Most women embark on a quest for the perfect dress at least once in their lives, be it for a prom or a wedding, a quinceañera or a sweet 16 celebration. For Maria Aguilar, owner of Bradenton’s Purabell House of Fashion, that quest takes place daily.
Aguilar has been in the business of designing and making “the perfect dress” for countless women for decades — and she’s only just getting started.
By combining an eye for fashion, a lifetime’s worth of experience as seamstress and a mind for business and ambition to succeed, Aguilar has grown her business from a humble dressmaking shop to a sophisticated haute couture fashion production and consulting company based out of Bradenton.
Originally from Mexico, Aguilar moved to Florida in 1987 and graduated with a degree in fashion from Tampa’s International Academy of Design and Technology. She went on to open her first fashion business, Originals by Maria, in Palmetto.
With Originals by Maria, Aguilar built her reputation for high quality custom-made gowns and dresses for weddings and quinceañeras. (Similar to sweet 16 celebrations in the United States, quinceañeras are elaborate celebrations when young women in many Latin American cultures turn 15). Originals by Maria also specialized in ballroom dancing gowns and figure skating costumes, as well as garment alterations and tailoring.
“I don’t remember ever really having to advertise,” Aguilar recalled. “Business spread by word of mouth once women started wearing the dresses.”
While Aguilar’s daughter, Malvina — who today helps run Purabell House of Fashion — was a student at Bayshore High School, Aguilar became involved with the fashion programs at local schools like Bayshore and Manatee Technical Institute, where she organized fashion shows and connected students with industry professionals and models so that they could learn tricks of the trade such as runway walking.
Aguilar returned to Mexico in 2000 with plans to expand her business by opening a production company. There, her private design label, Purabell, was born. During her time in Mexico, Aguilar worked with companies in California to manufacture clothing, but maintained the desire to ultimately operate a full in-house fashion business.
The company went through its share of growing pains, particularly when the economy began to fail in 2008, but by 2009 Aguilar was ready to bring her label back to the United States.
“We hit a spot where we were really discouraged, which I think a lot of businesses have been hitting throughout the past few years in this economy, but we knew we had to pick up and move forward,” Malvina Aguilar recalled.
Aguilar became involved with the Manatee Chamber's Economic Development Council, where she said she discovered the resources and motivation to re-open her business in Bradenton and bring the Purabell design label to the next level.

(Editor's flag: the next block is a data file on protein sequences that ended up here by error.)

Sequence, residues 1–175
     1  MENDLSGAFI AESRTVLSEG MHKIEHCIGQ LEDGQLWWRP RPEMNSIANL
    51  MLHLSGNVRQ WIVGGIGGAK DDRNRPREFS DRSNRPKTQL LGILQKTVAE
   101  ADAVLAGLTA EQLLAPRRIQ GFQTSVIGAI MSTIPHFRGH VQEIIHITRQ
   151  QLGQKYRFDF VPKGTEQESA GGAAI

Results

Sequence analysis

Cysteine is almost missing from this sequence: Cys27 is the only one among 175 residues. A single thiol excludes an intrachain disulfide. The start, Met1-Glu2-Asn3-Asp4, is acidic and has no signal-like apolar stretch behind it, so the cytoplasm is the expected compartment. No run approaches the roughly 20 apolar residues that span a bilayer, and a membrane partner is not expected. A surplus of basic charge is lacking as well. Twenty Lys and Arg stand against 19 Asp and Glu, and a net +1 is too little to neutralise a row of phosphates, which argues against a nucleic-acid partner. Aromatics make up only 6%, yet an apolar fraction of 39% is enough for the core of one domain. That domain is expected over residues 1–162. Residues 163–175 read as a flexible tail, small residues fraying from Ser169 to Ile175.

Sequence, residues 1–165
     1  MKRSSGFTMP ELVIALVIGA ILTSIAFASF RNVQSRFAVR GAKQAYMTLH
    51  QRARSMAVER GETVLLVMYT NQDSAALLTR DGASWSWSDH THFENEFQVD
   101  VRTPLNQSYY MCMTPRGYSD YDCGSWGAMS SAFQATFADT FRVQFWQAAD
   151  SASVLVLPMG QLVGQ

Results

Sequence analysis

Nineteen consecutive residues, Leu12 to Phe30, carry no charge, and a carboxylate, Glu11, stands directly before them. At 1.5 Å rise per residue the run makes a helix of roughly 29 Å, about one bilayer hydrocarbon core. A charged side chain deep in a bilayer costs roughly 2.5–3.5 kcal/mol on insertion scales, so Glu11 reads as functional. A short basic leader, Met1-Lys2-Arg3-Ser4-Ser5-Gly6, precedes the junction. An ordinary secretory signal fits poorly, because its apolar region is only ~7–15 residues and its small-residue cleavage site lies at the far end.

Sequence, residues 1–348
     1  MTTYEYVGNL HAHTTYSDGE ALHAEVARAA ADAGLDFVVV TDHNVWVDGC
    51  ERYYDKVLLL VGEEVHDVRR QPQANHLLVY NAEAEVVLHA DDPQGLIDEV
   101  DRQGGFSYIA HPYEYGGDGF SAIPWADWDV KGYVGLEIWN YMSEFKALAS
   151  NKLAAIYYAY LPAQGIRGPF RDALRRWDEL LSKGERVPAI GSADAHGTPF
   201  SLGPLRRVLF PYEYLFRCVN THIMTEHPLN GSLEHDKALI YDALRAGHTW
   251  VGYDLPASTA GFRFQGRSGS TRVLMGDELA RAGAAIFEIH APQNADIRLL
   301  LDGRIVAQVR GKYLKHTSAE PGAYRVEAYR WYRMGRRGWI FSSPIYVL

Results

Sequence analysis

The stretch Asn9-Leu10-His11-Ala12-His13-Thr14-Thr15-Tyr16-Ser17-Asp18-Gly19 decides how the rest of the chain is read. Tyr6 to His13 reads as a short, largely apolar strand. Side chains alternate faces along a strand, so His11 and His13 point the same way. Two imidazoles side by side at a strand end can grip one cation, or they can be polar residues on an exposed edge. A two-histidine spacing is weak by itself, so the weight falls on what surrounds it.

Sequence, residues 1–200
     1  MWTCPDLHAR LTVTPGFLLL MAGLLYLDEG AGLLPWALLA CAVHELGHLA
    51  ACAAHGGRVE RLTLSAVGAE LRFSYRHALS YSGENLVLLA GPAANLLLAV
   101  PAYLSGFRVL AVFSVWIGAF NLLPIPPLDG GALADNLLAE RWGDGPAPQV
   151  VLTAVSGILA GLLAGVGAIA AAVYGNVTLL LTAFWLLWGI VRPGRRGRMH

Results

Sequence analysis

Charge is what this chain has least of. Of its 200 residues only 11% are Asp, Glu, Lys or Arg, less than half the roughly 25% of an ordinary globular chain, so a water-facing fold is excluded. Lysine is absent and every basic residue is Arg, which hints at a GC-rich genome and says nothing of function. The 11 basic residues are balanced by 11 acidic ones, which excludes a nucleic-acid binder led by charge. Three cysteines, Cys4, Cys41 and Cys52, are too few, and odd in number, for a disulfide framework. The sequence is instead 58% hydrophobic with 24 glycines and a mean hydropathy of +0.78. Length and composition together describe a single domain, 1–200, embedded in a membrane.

“As soon as my old clients knew I was back in business, they were there,” Aguilar said. “The support from the community has been really amazing.”
Whereas Originals By Maria was a much smaller operation, Aguilar used the industry experience she gained over the last decade to establish Purabell House of Fashion as a more sophisticated operation.
Aguilar chose the location for Purabell House of Fashion in an up-and-coming area of commerce off Lena Road (just east of I-75 on State Road 70) because of its proximity to the interstate.
“We started out small, but we ultimately want to be all over Florida,” Aguilar said. “Being close to the interstate has already made it easier for people to come from Tampa or Sarasota, but that’s just the beginning. What we really look forward to is helping other boutiques start their own labels.”
Purabell House of Fashion is currently preparing to branch into consulting and assisting local boutiques in manufacturing their own lines of apparel. The production space at Purabell House of Fashion is large enough to manage small-to-midsize manufacturing products for these boutiques.
Aguilar’s experience in international manufacturing also makes her an invaluable resource for clients looking to acquire contracts with larger manufacturing companies overseas. However, the Aguilars say they plan to encourage boutiques to manufacture locally whenever possible.
“Support for local economy and domestic manufacturing is the direction the country is taking, and it’s something that we want to promote,” Malvina Aguilar said. “It’s more cost effective in the end and allows you to take a much more hands-on approach to the final product.”
Once the operation is fully up and running, Aguilar indicated that Purabell is set to hire five more people to begin with, and will continue to create jobs as it grows.
“The cost of producing locally is somewhat higher, but when you think about what you’re getting in the long run and what it does for the community, we really think it’s worth it,” Aguilar said.
“You just have to think about what you’re doing for the community by staying local. Not only are you getting a better quality product, but you’re creating jobs — and in this economy, that goes a long way.”
In the meantime, Purabell House of Fashion continues to work on custom projects while advancing its own line of fashion designs.
“This is not just a job for me —it’s something I truly enjoy,” Aguilar said. “I’ve been around sewing machines for 40 years and have always loved it. I was the little girl who always knew what she wanted to do when she grew up, and now I’m lucky because I get to do what I love every day.”